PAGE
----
REFERENCES

Pavlopoulos E, Jones S, Kosmidis S, Close M, Kim C, Kovalerchik O, Small SA, Kandel ER. 2013. “Molecular Mechanism for Age-Related Memory Loss: The Histone-Binding Protein RbAp48”. Science Translational Medicine. 5 (200)

Zhang Q, Vo N, Goodman RH. 2000. “Histone Binding Protein RbAp48 Interacts with a Complex of CREB Binding Protein and Phosphorylated CREB”. Molecular and Cellular Biology. 20 (14): 4970–8.

Lu et al. “REST and stress resistance in ageing and Alzheimer’s disease.” Nature, doi:10.1038/nature13163, 2014.

Andrade C, Radhakrishnan R. “The prevention and treatment of cognitive decline and dementia: An overview of recent research on experimental treatments.” Indian J Psychiatry. 2009 Jan;51(1):12-25. doi: 10.4103/0019-5545.44900.

 

Brain health – use it or lose it

Keep your brain sharp and stay free of dementia

Experts on brain health agree that there are proven ways to stay mentally sharp and cut the risk of cognitive decline as we get older. And regularly solving puzzles and brainteasers like this is one:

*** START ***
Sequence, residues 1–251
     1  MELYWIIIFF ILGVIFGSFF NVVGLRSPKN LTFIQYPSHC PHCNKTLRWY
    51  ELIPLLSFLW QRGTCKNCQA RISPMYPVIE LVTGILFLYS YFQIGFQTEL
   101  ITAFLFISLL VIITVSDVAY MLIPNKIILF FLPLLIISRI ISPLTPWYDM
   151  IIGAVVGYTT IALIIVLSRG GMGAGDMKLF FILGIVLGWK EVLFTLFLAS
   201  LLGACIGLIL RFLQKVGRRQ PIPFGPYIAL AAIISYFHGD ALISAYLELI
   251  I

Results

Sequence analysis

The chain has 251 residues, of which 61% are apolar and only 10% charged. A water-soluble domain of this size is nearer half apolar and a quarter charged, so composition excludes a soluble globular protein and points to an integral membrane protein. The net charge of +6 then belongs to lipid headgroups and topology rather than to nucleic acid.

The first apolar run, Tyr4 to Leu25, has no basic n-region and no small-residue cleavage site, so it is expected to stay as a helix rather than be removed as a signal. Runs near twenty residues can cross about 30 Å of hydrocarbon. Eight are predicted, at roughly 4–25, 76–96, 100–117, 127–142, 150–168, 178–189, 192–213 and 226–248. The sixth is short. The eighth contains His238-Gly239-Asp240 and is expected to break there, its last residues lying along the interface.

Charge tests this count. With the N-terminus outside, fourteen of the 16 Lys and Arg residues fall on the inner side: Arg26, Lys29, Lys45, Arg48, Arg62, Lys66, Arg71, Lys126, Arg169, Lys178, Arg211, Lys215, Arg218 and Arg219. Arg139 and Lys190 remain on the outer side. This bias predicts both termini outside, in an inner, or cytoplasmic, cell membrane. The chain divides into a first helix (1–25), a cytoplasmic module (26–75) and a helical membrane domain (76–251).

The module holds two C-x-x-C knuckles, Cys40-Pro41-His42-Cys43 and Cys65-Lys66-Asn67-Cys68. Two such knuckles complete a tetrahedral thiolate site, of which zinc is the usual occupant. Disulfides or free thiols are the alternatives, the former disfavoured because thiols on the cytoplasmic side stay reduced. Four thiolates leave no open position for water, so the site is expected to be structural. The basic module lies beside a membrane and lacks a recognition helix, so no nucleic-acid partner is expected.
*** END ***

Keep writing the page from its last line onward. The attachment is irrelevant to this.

5 = 10
6 = 18
7 = 28
8 = 40
9 = ?

So I will post a brain teaser here once a week on a Friday. https://nutrishield.com/the-library/brain-teasers

Challenging your brain with puzzles and brain teasers is of course only one way to keep mentally sharp – although it’s certainly one that the Alzheimer’s Association agrees with.

Challenge your brain to think in new ways

Your brain evolved to be challenged. It needed to interpret the dangers and opportunities in your environment – indeed that is how we survived early in our evolution. But today, as we get older, we are mainly doing familiar things, so we pay less attention, we notice less detail, we are therefore less conscious and challenged.